In August, an all too familiar tragedy struck the United States when a lone gunman opened fire in an El Paso Walmart, killing 22 people and injuring 24 others. The responses to the tragedy were also all too familiar and all together misguided in their attempts to hedge against another headline we all wish to see go out of print.
At this point, there’s no need to turn on the TV or open Twitter after a mass shooting. We know the script each team will be parroting. The left will, for the most part, be demanding gun control, while most on the right will be demanding the death penalty.
These are both emotional responses to a tragedy. And to be clear, emotional responses are human responses and are valid ways to feel in the face of unspeakable violence. The loss of human life should make us emotional, and it should elicit a response. Public policy, however, should not be based on feelings and emotion but rather facts, and I don’t think either of these responses would produce the results we all want: no more massacres.
While I could expand on the failures I see with gun control, I believe my audience is well-informed on this subject. I will turn my attention, instead, to the failures of the death penalty.
For many decades, the right has championed the death penalty without ever stopping to examine it under the microscope we use for so many other issues and policies. Does it work? Does it actually prevent the outcome we dislike? What have been the results in history? Does it sound good but in reality end up hurting people? What are the unintended consequences?
We love to hold ourselves out as the party of principles, logic, and cold hard facts. But for some reason, the death penalty has been able to fly in the face of all of these things without scrutiny.
Those days are over. There’s a growing number of conservatives who have started to recognize the failures of the death penalty, and we are sounding the alarm.
The death penalty is a policy based on feelings and not much else.
It is not a deterrent. It does not prevent future crimes. The money wasted on it is money we aren’t spending to solve more crimes, which we do very little of. The death penalty simply does not work.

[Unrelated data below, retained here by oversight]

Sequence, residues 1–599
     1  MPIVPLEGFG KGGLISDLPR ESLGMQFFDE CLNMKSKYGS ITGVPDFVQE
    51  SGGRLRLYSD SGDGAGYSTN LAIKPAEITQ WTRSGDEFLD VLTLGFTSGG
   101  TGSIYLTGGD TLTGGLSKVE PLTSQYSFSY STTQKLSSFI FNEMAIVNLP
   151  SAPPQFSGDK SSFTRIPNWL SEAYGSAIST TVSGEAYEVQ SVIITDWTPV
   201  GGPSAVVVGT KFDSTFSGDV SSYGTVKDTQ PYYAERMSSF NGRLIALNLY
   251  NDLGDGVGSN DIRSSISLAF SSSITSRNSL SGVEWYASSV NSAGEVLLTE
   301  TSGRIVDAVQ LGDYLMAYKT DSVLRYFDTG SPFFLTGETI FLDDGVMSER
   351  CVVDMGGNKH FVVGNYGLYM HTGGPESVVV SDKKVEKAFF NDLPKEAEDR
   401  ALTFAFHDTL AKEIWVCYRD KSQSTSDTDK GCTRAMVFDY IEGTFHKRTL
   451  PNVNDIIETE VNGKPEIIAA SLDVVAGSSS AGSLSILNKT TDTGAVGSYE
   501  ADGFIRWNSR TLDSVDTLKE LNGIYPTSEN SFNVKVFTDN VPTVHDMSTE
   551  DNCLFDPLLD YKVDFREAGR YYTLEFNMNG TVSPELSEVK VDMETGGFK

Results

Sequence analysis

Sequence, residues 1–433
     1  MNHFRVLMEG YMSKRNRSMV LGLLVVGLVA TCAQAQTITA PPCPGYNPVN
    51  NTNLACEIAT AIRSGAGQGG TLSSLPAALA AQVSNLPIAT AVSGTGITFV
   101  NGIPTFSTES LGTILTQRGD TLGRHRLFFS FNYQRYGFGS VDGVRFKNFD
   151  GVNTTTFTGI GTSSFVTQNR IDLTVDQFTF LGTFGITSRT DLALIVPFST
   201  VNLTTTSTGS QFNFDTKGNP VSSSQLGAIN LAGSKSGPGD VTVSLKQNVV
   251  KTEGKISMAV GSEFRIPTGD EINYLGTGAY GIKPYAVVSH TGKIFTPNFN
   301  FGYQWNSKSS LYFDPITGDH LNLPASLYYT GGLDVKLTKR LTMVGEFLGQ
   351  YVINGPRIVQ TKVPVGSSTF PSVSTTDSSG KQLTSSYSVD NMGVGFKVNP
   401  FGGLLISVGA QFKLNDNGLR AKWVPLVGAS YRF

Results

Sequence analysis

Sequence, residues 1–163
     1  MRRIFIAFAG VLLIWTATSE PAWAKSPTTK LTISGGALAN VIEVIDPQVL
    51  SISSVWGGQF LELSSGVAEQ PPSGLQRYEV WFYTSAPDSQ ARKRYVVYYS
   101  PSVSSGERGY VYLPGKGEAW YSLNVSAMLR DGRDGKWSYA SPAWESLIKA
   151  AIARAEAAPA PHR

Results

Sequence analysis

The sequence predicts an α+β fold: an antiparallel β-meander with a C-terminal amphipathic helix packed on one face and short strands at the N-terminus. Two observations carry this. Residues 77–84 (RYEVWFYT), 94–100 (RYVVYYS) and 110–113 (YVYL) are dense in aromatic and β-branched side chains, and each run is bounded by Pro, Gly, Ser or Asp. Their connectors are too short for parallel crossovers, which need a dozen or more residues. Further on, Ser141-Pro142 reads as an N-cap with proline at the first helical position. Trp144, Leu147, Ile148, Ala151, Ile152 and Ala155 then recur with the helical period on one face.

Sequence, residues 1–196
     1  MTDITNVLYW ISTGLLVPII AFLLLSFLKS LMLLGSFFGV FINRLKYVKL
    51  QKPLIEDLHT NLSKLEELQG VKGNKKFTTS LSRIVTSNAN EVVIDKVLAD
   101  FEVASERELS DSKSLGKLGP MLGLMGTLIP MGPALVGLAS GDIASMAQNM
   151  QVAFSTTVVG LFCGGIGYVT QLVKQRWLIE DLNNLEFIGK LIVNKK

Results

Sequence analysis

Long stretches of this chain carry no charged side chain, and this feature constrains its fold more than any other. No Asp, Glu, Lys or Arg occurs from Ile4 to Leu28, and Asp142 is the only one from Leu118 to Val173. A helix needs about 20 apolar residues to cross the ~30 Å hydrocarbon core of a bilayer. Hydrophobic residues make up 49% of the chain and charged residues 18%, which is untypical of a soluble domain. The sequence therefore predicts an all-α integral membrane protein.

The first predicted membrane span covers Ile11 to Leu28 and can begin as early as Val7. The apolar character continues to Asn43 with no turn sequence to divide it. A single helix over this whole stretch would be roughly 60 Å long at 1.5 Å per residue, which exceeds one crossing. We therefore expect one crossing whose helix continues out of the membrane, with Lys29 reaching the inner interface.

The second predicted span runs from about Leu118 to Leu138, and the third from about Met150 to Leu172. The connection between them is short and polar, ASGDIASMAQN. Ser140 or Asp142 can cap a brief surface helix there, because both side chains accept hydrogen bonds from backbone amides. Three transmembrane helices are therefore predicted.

Worst of all, the death penalty has the unintended consequence of risking more innocent lives. One person has been exonerated from death row for every ten executions. Hundreds of others have had their cases overturned, taken Alford Pleas, or are lingering on death rows awaiting new evidentiary hearings. Our system gets it wrong all the time, and not just with old cases; many wrongful convictions have happened in the post-2000 era of DNA technology.
Growing up, I was told that the left opposed the death penalty due to a bleeding heart syndrome or because of a greater concern for those who commit murder than for murder victims. Opposition to the death penalty was said to be lacking in logic or consistency and was based solely on feelings. Upon examination, I find the opposite to be true.
Support for the death penalty flies in the face of a pro-life worldview, which the majority of conservatives espouse.
Even if a person claims to only be pro-life for the innocent (an argument I find very hollow), the amount of innocence discovered in death penalty cases should be a compelling enough reason to abandon support of it. Capital punishment does not work, has dire unintended consequences, and is out of step with a limited-government worldview that prioritizes protecting the sanctity of human life from an overreaching government.
I think I speak for most Americans when I say we’re sick of the fear-mongering. We’re sick of hollow proposals that do nothing to address the real problems, and we’re sick of both parties using victims as pawns to advance the policies they want.
It’s time both parties came together and began to address violence, trauma, mental illness, and extremist ideologies, which are the leading causes of these acts of violence. The money currently being wasted on the death penalty could be much better directed to these ends.
Hannah Cox is the National Manager of Conservatives Concerned About the Death Penalty. Hannah was previously Director of Outreach for the Beacon Center of Tennessee, a free-market think tank. Prior to that, she was Director of Development for the Tennessee Firearms Association and a policy advocate for the National Alliance on Mental Illness. To read more of her reports — Click Here Now.
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